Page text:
GREENVILLE — Author and paranormal investigator James Willis made his third appearance at Henry St. Clair Memorial Hall Thursday night.
Willis shared amusing stories about his experiences investigating ghostlore in Darke County and elsewhere in Ohio.
Willis’ group, Ghosts of Ohio, is based in Columbus with branches located in Cleveland and Cincinnati. Willis and his colleagues – paranormal enthusiasts from various walks of life – offer their investigative services free of charge, often conducting investigations in private residences and always agreeing not to reveal any information they might uncover publicly without the client’s consent.
Willis has been investigating Ohio ghostlore since 1999. He’s written a number of books on the subject, including “Ohio’s Historic Haunts,” “Weird Ohio,” “Central Ohio Legends and Lore” and “The Big Book of Ohio Ghost Stories.” Locally, his group has conducted investigations at The Inn at Versailles and the Greenville Public Library. Findings from the latter investigation were unveiled at a similar event at St. Clair Memorial Hall in October of last year.
Willis conducted more than 220 hours of face-to-face interviews for his investigation at the Inn. That experience, he said, proved to him that if nothing else, the people he was talking to sincerely believed in what they were telling him.
“Did any of those people see a ghost?” Willis said. “I can’t say. But I looked every one of them dead in the eye and never felt that they were lying.”
Occupants of a particular room at the Inn have claimed to witness phenomena such as hands and faces emerging from the walls and ceiling, according to Willis, while cameras and microphones placed in an upstairs hallway captured what appeared to be the sounds of ghostly footsteps.
Willis said that the Greenville Library has become “near and dear to [his] heart” because of his multiple investigations there, and stressed that while he may have uncovered evidence of unexplained phenomena, he didn’t believe there was anything evil to be found in the library.
“There is nothing bad in this library,” Willis said, instead describing the supposed haunting as the work of a “trickster,” playfully poking fun at the library’s employees and patrons. Staff members have reported phenomena such as ghostly voices and phantom sounds of books and magazines rustling, mostly in the early-morning hours when patrons have not yet arrived.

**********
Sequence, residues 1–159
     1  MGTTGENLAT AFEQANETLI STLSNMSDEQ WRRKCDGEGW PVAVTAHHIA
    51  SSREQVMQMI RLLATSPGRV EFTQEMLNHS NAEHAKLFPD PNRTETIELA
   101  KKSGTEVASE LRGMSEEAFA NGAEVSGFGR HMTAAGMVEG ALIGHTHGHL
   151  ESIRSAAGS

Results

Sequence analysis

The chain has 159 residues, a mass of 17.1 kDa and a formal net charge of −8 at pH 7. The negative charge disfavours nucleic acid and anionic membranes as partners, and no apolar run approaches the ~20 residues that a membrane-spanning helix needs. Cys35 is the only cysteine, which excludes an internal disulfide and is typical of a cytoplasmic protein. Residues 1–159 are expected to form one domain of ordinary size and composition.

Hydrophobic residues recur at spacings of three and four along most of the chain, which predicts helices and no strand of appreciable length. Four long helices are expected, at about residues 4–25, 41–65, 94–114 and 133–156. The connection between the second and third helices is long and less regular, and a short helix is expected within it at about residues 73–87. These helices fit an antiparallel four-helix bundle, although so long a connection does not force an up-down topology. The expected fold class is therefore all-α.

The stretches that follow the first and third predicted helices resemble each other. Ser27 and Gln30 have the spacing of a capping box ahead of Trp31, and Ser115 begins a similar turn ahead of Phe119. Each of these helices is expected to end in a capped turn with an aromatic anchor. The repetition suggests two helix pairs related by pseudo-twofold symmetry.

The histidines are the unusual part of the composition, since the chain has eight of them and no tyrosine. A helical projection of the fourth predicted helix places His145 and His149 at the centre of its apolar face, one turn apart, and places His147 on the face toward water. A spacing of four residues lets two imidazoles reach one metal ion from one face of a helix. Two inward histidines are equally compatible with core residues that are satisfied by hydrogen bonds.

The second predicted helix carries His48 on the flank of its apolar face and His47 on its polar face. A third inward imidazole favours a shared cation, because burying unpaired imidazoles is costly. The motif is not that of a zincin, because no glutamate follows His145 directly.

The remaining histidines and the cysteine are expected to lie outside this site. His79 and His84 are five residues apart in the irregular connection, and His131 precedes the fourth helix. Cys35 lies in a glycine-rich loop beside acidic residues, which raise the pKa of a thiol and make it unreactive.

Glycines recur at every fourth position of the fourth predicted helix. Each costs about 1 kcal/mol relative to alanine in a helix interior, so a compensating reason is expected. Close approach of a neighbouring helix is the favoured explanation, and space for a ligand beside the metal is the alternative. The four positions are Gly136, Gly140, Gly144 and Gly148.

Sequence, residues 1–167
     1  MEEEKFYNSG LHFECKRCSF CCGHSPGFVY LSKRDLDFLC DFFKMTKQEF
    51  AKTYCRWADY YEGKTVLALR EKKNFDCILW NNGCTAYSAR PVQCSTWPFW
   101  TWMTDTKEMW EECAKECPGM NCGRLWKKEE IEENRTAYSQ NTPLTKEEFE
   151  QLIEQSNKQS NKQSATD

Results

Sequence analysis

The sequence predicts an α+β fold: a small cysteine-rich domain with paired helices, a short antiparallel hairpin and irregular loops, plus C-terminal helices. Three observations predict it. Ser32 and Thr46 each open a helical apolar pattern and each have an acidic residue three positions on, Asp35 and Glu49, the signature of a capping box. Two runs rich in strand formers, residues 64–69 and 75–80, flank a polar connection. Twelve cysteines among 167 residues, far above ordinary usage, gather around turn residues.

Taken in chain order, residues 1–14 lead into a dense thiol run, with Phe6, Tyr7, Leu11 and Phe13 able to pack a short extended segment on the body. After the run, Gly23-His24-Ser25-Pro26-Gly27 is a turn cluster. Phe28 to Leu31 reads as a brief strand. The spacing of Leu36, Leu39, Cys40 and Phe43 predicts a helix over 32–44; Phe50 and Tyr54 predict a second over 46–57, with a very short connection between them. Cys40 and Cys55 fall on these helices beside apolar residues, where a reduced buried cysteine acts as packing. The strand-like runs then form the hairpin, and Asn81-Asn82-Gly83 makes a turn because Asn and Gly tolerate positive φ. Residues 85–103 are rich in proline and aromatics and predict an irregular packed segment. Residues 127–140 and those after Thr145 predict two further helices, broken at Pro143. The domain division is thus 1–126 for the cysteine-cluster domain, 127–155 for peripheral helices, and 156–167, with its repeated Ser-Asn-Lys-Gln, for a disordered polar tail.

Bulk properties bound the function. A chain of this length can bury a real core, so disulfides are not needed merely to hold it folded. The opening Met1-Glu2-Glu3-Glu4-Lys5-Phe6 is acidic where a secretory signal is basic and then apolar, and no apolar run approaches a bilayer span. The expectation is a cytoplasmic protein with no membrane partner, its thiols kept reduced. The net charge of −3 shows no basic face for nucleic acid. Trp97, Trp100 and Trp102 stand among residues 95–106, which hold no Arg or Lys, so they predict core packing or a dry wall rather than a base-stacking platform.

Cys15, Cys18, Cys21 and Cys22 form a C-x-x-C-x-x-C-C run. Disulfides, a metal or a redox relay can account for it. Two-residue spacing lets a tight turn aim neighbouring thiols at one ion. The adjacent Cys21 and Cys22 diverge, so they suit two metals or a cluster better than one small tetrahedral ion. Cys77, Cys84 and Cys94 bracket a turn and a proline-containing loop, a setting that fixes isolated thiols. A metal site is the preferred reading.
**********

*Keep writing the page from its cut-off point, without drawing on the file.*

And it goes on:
Willis discussed investigations elsewhere in Ohio as well, including an allegedly haunted office building in Mansfield, near the site of the former Ohio State Reformatory; the ghost of a patient said to inhabit a former asylum on the grounds of Ohio University in Athens; and sightings of a mysterious, possibly extraterrestrial creature known as the Loveland Frog.
“We’re not very creative about naming things in Ohio,” Willis said. “So if you want to go out and visit some of this stuff and you’re wondering where it is, the location is usually listed right there in the name.”
Willis also shared the story of an inexplicable experience he had shortly after he started dating the woman who would become his wife. Walking back to their car after an uneventful visit to a possible haunting site, he and the future Mrs. Willis saw a creepy message written in a snowbank, one that hadn’t been there when they walked by the same location only a few minutes before.
“The other couple we were with said, ‘Nope, not for us,’ and promptly ran back and locked themselves in their car,” Willis said. “But my wife immediately got out her camera and said, ‘This is so cool!’ So if you’re into weird stuff and something weird happens, take a look around. The marrying kind might be standing right next to you.”
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